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BMW Delays Next-Generation Mini Lineup

BMW Delays Next-Generation Mini Lineup

BMW Group has delayed the development of its next-generation Mini models. The delay comes as BMW aims to cut costs and amid uncertainty surrounding Brexit. Both issues, combined with slow sales, have cause the German automaker to reprioritize.

Mini was acquired by BMW Group back in 1994 from Rover Group. Since then BMW has developed three generations of Mini cars, with the current one being on the market since 2014. Mini’s current lineup is underpinned by the UKL1 architecture, which also underpins the BMW X1.

“The lifespan of this platform has been extended,” BMW spokesman Maximilian Schoeberl told Reuters. “For cost reasons and because of Brexit.”

BMW isn’t the only global automaker seeking to cut costs. Rival Mercedes-Benz has announced restructuring plans as well as automakers seek to free up cash to make the massive investments required for electrification and autonomous vehicles. Global trends away from small cars make Mini an obvious choice to rob some capital for electric vehicles.

Mini sales were down 4.1-percent globally in 2019.

Shifting development costs to other parts of the business isn’t the only reason Mini is seeing delays. BMW currently builds the majority of its Mini models in the United Kingdom. With uncertainty surrounding the direction Britain will take regarding trade agreements with the European Union, BMW is finding it difficult to make significant investment decisions.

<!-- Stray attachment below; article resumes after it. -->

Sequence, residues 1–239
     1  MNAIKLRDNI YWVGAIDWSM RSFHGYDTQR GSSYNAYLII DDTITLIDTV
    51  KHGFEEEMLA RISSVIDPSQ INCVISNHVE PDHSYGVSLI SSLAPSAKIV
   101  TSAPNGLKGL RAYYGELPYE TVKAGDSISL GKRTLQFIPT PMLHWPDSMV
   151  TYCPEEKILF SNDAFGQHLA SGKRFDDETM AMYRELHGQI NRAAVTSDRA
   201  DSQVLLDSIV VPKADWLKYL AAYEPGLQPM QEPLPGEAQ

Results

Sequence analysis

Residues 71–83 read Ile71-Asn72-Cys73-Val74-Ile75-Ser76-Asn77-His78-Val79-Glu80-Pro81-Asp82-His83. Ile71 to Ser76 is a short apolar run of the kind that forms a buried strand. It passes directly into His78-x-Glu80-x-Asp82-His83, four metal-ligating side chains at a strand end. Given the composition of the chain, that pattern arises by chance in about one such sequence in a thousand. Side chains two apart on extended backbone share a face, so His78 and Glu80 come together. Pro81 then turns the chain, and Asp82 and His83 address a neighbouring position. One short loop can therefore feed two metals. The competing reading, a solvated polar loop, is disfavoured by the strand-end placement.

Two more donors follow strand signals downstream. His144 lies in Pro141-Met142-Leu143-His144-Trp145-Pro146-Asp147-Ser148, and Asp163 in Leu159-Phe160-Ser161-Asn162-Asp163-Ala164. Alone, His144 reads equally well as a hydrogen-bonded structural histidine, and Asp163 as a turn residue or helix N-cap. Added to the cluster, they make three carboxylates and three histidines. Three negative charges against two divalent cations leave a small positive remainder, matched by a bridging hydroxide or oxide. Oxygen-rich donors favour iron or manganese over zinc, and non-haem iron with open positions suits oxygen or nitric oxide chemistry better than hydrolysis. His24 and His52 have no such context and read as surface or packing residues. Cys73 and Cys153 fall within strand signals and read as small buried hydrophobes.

BMW has said if tariffs between Britain and the EU remain fairly low, it won’t likely impact their long-term decision-making process for the Mini facility. If tariffs end up greater than five-percent, that could impact Mini’s future further.

Mini’s are also produced by contract builder VDL Nedcar in Born, the Netherlands. If tariffs end up being significant between Britain and the EU, BMW may have to make arrangements to shift more production to the Netherlands.

On average, it takes about 1 billion euros to produce a new vehicle architecture, a process that takes about six years. It isn’t entirely clear how long this delay will impact next-generation Mini models.


About Nick Saporito

AutoVerdict Senior Editor Nick Saporito began writing about cars at age 13. Nick ran a couple of automotive enthusiast sites for several years, before taking some time off to focus on his career and education. By day he's a marketing executive in the telecom world and by night he hangs out here at AV. You'll find him focusing on tech, design and the industry's future.
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  1. Tone
    I imagine this is driven by a couple of things. First, BMW wants to see how Brexit impacts its current manufacturing in the UK as outlined in the OP. I also imagine BMW wants to see how quickly the smaller/less expensive part of the market shifts to BEV, with the e-Mini as a bit of a toe in the water. If the EU small car market quickly shifts that way (due to cost and local regulations), Mini might need to go all-in on BEVs. But, if that's not where the brand needs to be (or if it needs a BEV/ICE mix of products), that's a very different set of platform decisions. It make sense to wait and see how VW's i products are received in the market before making an investment decision (a fast-follower approach).
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